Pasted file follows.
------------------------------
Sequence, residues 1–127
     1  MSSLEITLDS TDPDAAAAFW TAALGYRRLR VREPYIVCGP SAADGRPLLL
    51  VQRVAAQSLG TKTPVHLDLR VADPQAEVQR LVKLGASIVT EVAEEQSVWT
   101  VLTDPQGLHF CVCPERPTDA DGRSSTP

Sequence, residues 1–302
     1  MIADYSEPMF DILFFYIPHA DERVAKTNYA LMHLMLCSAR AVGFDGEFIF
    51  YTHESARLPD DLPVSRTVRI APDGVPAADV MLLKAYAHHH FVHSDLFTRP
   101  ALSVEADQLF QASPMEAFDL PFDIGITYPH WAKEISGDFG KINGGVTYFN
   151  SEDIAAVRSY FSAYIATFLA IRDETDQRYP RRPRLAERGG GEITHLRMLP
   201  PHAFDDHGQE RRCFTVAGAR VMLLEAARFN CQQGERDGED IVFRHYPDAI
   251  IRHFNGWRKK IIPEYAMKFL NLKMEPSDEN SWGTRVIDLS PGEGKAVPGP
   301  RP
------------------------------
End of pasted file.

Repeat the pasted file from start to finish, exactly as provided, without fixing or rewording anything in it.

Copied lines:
Sequence, residues 1–127
     1  MSSLEITLDS TDPDAAAAFW TAALGYRRLR VREPYIVCGP SAADGRPLLL
    51  VQRVAAQSLG TKTPVHLDLR VADPQAEVQR LVKLGASIVT EVAEEQSVWT
   101  VLTDPQGLHF CVCPERPTDA DGRSSTP

Sequence, residues 1–302
     1  MIADYSEPMF DILFFYIPHA DERVAKTNYA LMHLMLCSAR AVGFDGEFIF
    51  YTHESARLPD DLPVSRTVRI APDGVPAADV MLLKAYAHHH FVHSDLFTRP
   101  ALSVEADQLF QASPMEAFDL PFDIGITYPH WAKEISGDFG KINGGVTYFN
   151  SEDIAAVRSY FSAYIATFLA IRDETDQRYP RRPRLAERGG GEITHLRMLP
   201  PHAFDDHGQE RRCFTVAGAR VMLLEAARFN CQQGERDGED IVFRHYPDAI
   251  IRHFNGWRKK IIPEYAMKFL NLKMEPSDEN SWGTRVIDLS PGEGKAVPGP
   301  RP